Vegan Outreach, which is active in various countries, applied for this grant to expand their Indian branch. Vegan Outreach helps institutions in India—such as universities, schools, and hostels—to reduce their environmental footprint by reducing the amount of animal products on their menus. While most conversations around animal agriculture’s impact on the environment center on eating less meat from cows, Vegan Outreach, an animal protection organization at its core, aims to reduce the consumption of all types of animals. Additionally, the organization conducts outreach to Indian students via virtual reality, humane education, and leafleting, and supports new vegans with a “10 Weeks to Vegan” program. We appreciate Vegan Outreach’s considerate approach to supporting local advocates and are excited about supporting farmed animal advocacy in India.
Vegans of Shanghai ($50,000)
Vegans of Shanghai works with food and beverage companies to increase plant-based options on their menus. In addition, they raise awareness about the health benefits of plant-based diets in collaboration with healthcare community leaders and nutritionists. Plant-based advocacy work in China is complex and poses many roadblocks due to the political context. We appreciate the strategic approach that the leadership of Vegans of Shanghai takes by focusing on health and environmental arguments in favor of plant-based eating, an approach that we would be more hesitant to fund if executed in a different country. China has one of the world’s fastest-growing major economies, but plant-based advocacy initiatives in this region are scarce. Vegans of Shanghai is one of the few organizations working in the plant-based movement in China, which makes them an especially appealing funding opportunity.
Wild Animal Initiative ($60,000)
Wild Animal Initiative (WAI) looks for ways to improve the welfare of wild animals via research and outreach. Wild animals are far more numerous than farmed animals and concern for their well-being as individuals is highly neglected. This grant is for general support. We are looking forward to the results of WAI’s research on insecticides and the tradeoffs between the resilience and reversibility of interventions. Interventions that are highly resilient might be expected to cost less in the long run, as they require less maintenance. However, if we encourage resilience at the cost of reversibility, we risk implementing large-scale interventions that have unexpected negative consequences that are difficult to remedy. WAI expects that with further research, they will be able to make concrete claims about when these tradeoffs are worthwhile and when they are not. We are excited about the potential direct impact of the interventions WAI identifies, as well as the indirect impact they will have by advancing the academic field of welfare biology. Wild animal welfare is a complicated but urgent topic and we appreciate the thoughtful approach that WAI is taking.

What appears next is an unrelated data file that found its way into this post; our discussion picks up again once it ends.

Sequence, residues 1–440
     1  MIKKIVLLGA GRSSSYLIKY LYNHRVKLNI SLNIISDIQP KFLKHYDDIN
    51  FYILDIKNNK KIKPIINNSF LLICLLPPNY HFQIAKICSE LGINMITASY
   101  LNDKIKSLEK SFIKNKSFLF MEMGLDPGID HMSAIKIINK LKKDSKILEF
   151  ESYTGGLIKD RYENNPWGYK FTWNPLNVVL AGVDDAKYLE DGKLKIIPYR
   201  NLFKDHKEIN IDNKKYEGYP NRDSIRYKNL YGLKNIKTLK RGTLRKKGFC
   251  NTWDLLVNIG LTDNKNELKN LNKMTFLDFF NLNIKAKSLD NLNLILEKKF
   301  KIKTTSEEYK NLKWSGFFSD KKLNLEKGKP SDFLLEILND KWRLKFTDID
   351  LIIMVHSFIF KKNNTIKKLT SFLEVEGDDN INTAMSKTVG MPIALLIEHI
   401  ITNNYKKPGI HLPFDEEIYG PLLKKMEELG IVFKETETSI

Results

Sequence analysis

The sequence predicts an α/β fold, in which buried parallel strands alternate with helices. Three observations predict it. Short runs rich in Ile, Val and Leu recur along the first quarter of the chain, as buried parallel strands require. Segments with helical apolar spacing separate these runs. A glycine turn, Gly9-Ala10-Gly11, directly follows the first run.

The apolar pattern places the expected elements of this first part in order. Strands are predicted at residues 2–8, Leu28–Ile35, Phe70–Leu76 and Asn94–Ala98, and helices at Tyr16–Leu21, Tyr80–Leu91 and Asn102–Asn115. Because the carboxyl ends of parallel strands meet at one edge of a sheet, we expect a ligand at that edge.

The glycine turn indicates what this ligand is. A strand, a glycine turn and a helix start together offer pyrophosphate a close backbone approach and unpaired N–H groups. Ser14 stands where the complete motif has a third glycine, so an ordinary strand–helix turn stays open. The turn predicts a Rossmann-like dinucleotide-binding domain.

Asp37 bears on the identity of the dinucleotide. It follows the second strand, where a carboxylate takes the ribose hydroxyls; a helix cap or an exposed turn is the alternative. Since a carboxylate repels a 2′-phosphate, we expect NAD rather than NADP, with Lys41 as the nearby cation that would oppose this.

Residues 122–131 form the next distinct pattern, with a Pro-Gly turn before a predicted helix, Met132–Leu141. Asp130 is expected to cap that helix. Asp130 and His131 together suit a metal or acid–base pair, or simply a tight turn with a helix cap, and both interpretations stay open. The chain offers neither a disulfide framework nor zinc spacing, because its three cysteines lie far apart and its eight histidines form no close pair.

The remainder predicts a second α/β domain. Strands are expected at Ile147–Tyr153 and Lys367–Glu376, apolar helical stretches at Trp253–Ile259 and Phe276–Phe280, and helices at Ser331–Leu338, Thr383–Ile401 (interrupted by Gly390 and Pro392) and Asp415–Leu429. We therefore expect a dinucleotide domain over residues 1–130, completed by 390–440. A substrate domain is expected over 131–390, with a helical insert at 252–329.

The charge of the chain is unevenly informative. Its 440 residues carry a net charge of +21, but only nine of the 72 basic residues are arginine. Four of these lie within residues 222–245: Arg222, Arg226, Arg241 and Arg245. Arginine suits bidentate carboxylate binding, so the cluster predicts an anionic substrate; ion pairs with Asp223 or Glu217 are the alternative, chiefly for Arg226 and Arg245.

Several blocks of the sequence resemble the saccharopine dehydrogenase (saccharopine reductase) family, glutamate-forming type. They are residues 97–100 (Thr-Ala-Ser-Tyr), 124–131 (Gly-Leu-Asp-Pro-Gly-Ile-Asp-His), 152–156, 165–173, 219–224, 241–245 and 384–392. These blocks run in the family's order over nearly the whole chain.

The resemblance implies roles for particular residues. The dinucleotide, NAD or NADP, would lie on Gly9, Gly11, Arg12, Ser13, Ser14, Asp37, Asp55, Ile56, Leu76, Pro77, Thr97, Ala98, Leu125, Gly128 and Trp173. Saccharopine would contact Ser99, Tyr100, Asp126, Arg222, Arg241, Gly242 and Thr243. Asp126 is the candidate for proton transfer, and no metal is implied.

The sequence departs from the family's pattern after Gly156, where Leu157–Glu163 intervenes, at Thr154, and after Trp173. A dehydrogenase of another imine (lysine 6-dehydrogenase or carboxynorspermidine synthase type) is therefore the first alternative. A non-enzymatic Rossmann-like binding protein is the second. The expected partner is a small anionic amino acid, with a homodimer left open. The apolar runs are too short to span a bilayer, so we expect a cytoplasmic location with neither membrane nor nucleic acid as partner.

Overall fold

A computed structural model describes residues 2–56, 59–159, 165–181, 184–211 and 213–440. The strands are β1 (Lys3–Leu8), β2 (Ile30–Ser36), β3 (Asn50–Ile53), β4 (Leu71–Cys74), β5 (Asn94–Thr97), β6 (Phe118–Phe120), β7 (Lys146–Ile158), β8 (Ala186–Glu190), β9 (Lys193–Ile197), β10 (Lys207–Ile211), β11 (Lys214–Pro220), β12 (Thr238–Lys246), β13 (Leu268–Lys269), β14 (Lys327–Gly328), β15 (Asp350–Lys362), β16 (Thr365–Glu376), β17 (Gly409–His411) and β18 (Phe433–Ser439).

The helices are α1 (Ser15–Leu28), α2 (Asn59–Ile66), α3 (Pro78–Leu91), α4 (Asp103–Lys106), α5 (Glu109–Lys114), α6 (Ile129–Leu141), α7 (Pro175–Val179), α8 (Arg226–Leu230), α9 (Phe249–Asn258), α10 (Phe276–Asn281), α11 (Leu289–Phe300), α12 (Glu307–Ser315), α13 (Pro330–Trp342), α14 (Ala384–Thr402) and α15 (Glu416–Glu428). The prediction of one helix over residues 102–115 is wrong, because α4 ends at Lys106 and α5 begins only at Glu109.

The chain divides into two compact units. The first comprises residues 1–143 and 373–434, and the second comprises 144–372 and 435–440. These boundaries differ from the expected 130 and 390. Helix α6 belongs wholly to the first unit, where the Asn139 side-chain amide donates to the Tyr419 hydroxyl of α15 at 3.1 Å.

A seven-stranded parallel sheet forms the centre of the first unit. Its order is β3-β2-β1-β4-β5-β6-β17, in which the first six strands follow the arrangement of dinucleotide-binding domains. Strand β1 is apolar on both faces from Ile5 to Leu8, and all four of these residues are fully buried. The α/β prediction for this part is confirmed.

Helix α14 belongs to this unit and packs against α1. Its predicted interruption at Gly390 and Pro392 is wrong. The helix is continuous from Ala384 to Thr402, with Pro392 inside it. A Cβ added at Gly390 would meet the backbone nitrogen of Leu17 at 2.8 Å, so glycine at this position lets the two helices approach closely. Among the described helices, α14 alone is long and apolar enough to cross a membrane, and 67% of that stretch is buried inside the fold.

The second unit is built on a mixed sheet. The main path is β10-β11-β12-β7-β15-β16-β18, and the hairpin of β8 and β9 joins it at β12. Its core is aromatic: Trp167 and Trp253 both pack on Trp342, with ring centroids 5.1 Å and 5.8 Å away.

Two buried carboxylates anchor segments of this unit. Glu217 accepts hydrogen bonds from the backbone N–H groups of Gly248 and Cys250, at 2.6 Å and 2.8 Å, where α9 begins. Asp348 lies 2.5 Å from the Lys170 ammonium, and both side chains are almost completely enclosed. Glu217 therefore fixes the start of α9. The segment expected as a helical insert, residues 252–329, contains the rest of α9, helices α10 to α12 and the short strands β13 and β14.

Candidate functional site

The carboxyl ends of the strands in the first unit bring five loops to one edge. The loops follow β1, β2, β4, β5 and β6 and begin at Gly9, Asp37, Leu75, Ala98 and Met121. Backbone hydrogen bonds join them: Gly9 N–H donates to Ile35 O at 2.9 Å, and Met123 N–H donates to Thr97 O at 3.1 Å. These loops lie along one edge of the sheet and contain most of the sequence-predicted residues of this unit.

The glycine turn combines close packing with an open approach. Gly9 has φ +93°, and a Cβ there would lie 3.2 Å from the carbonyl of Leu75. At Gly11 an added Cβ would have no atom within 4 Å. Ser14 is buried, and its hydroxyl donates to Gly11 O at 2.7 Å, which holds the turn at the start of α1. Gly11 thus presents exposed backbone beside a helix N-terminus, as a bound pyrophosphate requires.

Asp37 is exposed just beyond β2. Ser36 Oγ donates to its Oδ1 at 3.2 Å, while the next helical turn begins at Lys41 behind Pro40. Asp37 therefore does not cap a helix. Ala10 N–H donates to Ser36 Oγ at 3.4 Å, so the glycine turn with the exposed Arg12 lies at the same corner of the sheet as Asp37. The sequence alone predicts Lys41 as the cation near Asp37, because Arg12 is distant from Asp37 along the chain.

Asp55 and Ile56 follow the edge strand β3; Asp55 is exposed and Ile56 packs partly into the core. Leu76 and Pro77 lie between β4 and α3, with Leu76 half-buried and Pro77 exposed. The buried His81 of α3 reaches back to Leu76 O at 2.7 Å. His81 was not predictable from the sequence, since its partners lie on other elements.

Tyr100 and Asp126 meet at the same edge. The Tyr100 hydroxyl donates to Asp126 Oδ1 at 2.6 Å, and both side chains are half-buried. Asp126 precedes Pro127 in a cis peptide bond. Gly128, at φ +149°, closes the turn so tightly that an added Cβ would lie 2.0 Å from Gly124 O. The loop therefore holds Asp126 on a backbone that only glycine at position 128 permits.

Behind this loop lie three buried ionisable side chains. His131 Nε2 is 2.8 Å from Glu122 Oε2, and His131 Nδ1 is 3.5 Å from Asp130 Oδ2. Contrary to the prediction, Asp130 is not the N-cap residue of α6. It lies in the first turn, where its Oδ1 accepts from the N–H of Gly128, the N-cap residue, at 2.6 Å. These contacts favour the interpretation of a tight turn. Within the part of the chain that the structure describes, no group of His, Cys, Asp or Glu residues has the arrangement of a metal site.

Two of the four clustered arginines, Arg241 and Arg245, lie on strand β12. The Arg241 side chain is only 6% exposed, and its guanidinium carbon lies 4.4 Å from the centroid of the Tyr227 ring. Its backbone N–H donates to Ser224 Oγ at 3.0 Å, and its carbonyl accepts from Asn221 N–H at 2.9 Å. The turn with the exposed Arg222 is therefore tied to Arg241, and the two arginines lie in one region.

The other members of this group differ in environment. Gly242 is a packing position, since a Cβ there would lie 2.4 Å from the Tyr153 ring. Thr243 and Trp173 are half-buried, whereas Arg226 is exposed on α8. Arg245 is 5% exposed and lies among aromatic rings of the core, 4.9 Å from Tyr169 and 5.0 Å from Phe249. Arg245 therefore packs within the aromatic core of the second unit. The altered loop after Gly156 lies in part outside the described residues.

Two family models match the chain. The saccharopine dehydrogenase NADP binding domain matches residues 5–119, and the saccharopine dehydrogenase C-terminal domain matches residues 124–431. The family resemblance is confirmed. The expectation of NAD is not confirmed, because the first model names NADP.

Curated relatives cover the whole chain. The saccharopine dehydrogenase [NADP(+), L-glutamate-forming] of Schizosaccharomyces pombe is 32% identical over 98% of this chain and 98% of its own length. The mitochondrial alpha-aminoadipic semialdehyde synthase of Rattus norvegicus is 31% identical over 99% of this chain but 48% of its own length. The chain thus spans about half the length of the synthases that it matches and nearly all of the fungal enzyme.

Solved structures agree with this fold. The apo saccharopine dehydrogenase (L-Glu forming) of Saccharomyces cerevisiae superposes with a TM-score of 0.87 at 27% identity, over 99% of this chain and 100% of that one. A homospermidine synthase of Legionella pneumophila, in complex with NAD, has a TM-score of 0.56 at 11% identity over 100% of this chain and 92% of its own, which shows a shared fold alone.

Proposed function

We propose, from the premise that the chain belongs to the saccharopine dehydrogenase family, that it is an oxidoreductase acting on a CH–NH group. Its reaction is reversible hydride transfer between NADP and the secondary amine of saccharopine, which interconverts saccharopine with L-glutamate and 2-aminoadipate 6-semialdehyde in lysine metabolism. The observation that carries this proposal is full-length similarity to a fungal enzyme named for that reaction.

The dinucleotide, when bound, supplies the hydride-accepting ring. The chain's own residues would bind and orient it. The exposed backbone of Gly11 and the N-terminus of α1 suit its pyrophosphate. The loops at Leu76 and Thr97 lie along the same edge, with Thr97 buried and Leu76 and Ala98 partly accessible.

Anonymous grant recipient ($55,000)
The people involved in this project prefer for it to remain anonymous as they believe it is more strategic to position themselves as a public health and environmental organization, rather than as an animal advocacy organization.
Conflicts of Interest
To limit the potential influence of conflicts of interests (COIs) between staff members involved in the decision-making process,4 we took the following precautions:
- We considered that any serious COI (past employment, past or present involvement with Board of Directors or intensive volunteer work, close relationship with an employee) would disqualify a member of the grant committee from being involved with evaluating the relevant application.
- After all applications were in, but prior to any discussion of them, ACE staff members involved in the granting decisions listed any COIs they had on a spreadsheet.
- When the team discussed an application where a COI was identified for a particular staff member, that staff member would leave the call prior to the discussion and would not return until a decision had been made.
A few COIs were identified for charities that are not receiving grants. We are not listing those here in order to protect the applicants’ confidentiality. No conflicts of interest were identified for the charities receiving grants.
Effective Animal Advocacy Fund is now ACE Movement Grants. See this blog post for our reasoning behind the name change.
In October 2020, PPC returned 24,300 USD of the grant because their priorities changed, and they no longer have the capacity to carry out this project. While we are disappointed that the project could not be completed, we support PPC in the changing of their thinking, to only carry out the projects that make the most sense for them rather than stay committed to a project because they received a grant for it.
Staff members involved in the decision-making process were Leah Edgerton (Executive Director), Toni Adleberg (Director of Research), Erika Alonso (Director of Communications), Jamie Spurgeon (Researcher), and Marianne van der Werf (Effective Animal Advocacy Fund Program Officer). Staff members involved in vetting the grantees’ background information were Jaya Bhumitra (Managing Director) and Gina Stuessy (Director of Operations). As they were not involved in the decision-making process, we have not reported their conflicts of interest.